Proteins 101: why we should eat them?

Proteins 101: why we should eat them?

You want to lose weight? Gain muscle? Your are injured? You deal muscle soreness? The answer to all the above questions come down to one single word: proteins. In this article we will talk about the importance of the protein in weight loss, how it helps us get lean and cuts down the cravings and whether too much proteins are harmful or not.

What are proteins?

Proteins are the key-materials of the body. Think at them as the main building blocks used in construction. They can be found in every cell of our body: muscle, tendons, organs, skin, enzymes, even in neurotransmitters.

How are they formed? It all starts with smaller molecules called amino acids, which are linked together like the letters of the alphabet that form a word. The linked amino acids form long protein chains( propositions), which are then folded into complex shapes (phrases).

Most of the amino acids we get from the diet, but the body can produce some of them too. The ones our body can’t provide are called the “essential” amino acids.

When we talk about proteins, we do not talk only about the quantity, but also the quality. There are 2 types of proteins: the ones we get from animals(meat, fish, eggs or dairy), and the ones we get from vegetables. It is well-known that the animal protein provides all the essential amino acids in the right ratio for us to make full use of them.

For those who are vegetarians is a bit difficult to get all the essential amino acids that their body needs.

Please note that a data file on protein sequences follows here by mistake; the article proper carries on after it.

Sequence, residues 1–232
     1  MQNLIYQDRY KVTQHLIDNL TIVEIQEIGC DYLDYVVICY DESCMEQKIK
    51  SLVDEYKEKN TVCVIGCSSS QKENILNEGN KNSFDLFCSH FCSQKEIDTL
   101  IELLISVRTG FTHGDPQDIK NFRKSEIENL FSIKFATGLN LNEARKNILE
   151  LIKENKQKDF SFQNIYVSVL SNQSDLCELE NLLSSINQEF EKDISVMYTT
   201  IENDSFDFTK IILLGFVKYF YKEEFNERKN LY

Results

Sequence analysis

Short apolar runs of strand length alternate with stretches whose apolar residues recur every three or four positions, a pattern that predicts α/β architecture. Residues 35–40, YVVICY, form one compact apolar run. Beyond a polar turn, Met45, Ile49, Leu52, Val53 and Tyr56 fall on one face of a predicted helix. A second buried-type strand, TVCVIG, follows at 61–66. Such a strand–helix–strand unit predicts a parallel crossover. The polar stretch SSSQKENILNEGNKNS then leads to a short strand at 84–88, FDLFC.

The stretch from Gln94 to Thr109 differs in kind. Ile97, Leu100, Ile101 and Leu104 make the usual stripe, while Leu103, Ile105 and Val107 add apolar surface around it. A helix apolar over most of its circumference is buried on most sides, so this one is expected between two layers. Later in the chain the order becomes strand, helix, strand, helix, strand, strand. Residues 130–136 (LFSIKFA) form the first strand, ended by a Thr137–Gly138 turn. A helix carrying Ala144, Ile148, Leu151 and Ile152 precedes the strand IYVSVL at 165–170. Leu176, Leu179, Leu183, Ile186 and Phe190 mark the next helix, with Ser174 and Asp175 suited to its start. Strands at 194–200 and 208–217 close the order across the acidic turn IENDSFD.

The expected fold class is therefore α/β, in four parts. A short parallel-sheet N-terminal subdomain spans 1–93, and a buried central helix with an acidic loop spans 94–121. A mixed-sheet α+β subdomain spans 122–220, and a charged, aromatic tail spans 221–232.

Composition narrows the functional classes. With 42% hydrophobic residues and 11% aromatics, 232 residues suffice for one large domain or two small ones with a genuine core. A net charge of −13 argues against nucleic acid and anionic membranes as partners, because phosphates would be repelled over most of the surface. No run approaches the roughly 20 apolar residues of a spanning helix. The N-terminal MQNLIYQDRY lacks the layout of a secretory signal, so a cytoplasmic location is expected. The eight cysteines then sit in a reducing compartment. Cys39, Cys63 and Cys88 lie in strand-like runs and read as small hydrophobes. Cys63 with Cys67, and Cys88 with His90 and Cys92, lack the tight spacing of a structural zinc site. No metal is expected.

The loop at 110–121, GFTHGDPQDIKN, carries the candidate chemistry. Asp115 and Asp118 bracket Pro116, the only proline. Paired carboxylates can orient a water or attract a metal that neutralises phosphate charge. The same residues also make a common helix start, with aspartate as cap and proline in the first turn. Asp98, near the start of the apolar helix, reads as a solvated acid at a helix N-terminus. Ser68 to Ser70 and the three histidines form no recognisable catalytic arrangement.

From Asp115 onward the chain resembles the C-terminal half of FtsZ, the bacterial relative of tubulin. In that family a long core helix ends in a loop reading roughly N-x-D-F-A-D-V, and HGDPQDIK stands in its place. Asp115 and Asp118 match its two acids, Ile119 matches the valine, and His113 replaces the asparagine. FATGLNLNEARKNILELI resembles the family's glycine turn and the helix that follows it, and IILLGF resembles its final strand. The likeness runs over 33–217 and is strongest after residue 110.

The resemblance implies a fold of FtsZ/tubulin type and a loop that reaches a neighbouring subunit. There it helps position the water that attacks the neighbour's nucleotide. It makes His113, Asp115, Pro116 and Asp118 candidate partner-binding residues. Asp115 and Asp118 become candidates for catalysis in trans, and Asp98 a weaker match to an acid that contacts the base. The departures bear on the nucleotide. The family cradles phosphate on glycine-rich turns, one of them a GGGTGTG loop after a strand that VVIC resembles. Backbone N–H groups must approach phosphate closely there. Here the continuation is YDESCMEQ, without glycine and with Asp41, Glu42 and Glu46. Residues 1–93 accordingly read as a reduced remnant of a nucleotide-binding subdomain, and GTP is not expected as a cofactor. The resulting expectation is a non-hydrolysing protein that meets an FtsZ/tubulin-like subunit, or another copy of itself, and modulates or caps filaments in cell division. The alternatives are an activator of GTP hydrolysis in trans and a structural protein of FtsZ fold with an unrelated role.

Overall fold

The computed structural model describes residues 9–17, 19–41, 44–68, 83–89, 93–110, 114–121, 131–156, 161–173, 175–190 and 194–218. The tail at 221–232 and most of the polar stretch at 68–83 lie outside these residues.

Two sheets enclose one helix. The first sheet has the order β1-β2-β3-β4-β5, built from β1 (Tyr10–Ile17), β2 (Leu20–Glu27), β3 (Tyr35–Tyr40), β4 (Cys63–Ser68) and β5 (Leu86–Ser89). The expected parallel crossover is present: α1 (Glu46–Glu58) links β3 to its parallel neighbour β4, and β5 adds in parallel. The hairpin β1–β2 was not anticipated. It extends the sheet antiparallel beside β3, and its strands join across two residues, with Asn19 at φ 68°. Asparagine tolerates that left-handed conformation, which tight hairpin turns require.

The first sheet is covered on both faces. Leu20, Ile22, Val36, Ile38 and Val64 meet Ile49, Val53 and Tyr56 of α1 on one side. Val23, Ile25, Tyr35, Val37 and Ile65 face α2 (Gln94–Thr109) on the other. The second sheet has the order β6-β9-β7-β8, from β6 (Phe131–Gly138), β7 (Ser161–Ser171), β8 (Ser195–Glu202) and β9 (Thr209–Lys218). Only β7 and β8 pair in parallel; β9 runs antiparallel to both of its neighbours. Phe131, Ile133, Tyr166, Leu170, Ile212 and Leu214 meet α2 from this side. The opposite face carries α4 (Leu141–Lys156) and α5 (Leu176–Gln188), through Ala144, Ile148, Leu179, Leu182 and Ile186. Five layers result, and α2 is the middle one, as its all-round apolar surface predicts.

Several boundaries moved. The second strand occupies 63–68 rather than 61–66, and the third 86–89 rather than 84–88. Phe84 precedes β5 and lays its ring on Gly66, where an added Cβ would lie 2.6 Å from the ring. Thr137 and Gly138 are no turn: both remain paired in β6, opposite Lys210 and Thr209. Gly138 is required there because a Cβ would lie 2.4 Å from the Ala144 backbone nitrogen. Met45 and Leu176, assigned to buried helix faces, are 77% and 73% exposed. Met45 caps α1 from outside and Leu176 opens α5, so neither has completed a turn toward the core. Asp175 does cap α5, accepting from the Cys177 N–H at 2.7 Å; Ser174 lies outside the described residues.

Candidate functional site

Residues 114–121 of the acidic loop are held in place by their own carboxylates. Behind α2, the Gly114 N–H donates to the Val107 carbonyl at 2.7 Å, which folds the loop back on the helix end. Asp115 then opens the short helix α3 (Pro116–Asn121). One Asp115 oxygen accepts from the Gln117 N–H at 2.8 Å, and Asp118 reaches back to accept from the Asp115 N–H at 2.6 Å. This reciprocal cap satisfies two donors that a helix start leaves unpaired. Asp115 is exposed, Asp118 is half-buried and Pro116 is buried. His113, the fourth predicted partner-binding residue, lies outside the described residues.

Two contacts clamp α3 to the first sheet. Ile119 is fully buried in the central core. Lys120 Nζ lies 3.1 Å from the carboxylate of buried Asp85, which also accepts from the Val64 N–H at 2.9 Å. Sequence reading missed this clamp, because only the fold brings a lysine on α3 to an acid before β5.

Biggest weapon against fat gaining

When it comes to losing weight, proteins are our biggest ally. Why? Cause they can change our metabolic rate by increasing it (calories out) and cutting down the appetite (calories in). It has been scientifically proven that high protein diets( around 25-30% of calories) boost metabolism by up to 80 to 100 calories/day, compared to lower protein diets.

One of the biggest part of the proteins in weight loss process, is its ability to reduce appetite, being more satiating than both fat and carbs.

In one study in overweight women, eating protein at 30% of calories caused them to lose 11 pounds (5 kg) in 12 weeks, without intentionally restricting anything.

Increase muscle mass

The muscle tissue is mainly formed by proteins, so when we talk about muscle loss/gaining, we immediately think about proteins. Thus, it seems pretty logical that if we want to increase our muscle mass, we must  increase our protein and total caloric intake.

In order to do so,  there has to be a larger quantity of synthesized muscle proteins than the broken-down ones. In this way, we will prevent muscle loss and help our body to recover from injuries.

Reduce Cravings

For most people, what’s “worse” than going on a diet, is going on a diet and experiencing cravings. Those are the main reason why we tend to fail in dieting.

Our body takes its energy from three macronutrients: fats, carbs and proteins.  We would normally think that fats are the most filling, but that’s where we are wrong. Studies have shown that proteins are the most satiating macronutrient.